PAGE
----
I almost gave up. I had driven back and forth so many times on FM 969 that I was tempted to stop at the roadside, knick-knack garage sale and head back home.
I drove in and out of several drives until I saw a wee-bitty sign poking out from an overgrown entrance. Austin Samaritans shared the sign with another local non-profit and between the two of them, the inches were precious.
I wound my way around the curves into a ghost town. The layout suggested maybe a school or education center, but the weeds had long declared this territory. I finally came to a cluster of cars, and, relieved, saw the most-welcoming registration table, where I signed a form saying I wouldn’t hold anything against anybody if something happened.
This weekend my church organized Serve Austin at local organizations; to build capacity through service, to be obedient and effective as servants, and most of all to magnify the Lord. And that’s how I ended up in a deserted school on FM 969. Not too long ago, Austin Samaritans moved their warehouse operations to a small portion of this school. From this humble space, they collect surplus medical supplies to ship to Nicaragua, where a hospital anxiously awaits every box.
Nicaragua, I learned, classifies 85% of their population as being below the poverty line (defined as $1/day). Next to Haiti, its the poorest country in the Western hemisphere.
As we sorted today, we came across medicines, sterile needles, infant formula, x-ray film, syringes… the list is endless. As we worked, we speculated at the reception of this package. I came upon some loose cottonballs and instinctively wanted to trash them, but thought about how resourceful I would be if I didn’t know cottonballs were so easy and cheap.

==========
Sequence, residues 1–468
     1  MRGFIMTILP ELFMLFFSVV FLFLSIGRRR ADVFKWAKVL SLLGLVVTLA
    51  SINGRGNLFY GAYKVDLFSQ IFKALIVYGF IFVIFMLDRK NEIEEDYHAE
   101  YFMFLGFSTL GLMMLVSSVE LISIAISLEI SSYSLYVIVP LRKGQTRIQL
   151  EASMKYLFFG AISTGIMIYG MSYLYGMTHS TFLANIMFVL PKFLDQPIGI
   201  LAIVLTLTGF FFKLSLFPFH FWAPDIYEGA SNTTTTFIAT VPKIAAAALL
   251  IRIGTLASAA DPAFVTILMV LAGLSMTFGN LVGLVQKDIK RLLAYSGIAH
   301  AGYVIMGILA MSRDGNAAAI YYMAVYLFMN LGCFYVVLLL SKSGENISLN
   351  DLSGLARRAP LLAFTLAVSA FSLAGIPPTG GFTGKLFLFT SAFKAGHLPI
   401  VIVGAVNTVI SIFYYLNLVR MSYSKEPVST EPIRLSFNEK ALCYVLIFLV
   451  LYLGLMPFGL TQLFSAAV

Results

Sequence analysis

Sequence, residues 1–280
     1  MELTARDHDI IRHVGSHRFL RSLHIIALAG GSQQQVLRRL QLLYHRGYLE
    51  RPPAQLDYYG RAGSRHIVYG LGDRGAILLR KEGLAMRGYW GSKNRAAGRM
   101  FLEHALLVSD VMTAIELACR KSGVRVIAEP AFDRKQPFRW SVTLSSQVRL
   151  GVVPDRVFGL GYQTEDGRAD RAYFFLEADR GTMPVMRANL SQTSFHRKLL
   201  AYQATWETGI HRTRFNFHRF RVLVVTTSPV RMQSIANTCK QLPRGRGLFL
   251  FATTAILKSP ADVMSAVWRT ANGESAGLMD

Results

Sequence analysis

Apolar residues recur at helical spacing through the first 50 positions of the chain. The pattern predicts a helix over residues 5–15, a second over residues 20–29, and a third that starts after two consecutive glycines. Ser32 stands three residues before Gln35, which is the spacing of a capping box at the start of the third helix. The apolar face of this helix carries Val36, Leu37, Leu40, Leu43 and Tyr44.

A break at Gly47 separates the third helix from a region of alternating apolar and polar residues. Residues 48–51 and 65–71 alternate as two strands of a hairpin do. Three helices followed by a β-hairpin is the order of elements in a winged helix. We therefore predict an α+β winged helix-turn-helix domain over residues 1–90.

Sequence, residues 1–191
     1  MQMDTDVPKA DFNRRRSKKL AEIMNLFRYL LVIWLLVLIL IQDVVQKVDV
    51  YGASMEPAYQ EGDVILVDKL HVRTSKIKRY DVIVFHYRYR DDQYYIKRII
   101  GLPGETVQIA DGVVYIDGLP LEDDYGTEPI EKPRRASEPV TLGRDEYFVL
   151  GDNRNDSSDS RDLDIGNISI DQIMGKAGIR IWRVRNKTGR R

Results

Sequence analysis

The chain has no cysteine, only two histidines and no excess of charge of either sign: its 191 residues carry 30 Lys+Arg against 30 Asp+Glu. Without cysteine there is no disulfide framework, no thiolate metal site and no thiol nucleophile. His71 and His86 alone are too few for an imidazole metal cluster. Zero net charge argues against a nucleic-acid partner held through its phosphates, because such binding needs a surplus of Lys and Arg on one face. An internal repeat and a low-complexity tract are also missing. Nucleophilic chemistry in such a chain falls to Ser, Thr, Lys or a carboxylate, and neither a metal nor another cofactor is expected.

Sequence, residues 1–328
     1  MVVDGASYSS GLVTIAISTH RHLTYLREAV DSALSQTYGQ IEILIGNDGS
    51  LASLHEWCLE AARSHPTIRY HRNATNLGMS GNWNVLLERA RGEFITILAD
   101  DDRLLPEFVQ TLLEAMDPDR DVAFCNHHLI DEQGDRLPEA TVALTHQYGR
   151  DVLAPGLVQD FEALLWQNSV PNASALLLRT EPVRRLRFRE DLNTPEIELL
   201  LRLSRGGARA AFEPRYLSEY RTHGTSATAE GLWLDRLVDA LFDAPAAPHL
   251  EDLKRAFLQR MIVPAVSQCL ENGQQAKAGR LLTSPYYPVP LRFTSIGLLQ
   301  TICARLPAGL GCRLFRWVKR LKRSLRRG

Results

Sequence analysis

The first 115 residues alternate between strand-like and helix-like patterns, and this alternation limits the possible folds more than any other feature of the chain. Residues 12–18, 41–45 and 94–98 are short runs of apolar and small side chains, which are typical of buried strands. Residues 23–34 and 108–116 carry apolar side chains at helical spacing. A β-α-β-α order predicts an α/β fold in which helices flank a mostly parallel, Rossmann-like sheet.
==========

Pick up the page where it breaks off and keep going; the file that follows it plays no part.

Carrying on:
We are so flippant with surplus! Every single thing sorted today would have been in the garbage dump, completely useless and adding to the alarming amount of waste. But now, with the vision of a few to bring first the transformation of Christ, the people in this Nicaragua hospital might understand how the true gospel is to care for the orphan and the widow.
I just kept thinking, “This should be every day.”
And so, as I meandered out of the hidden drive, I wondered at all the acts of service and all the giant foundations and galas and bake sales. For some reason it struck me that so much was happening in this little place just off of FM 969 with out any hoopla.
The world outside is still consumed, wasteful, and self-absorbed, but in this little place the world is a little bigger… and purpose a little greater.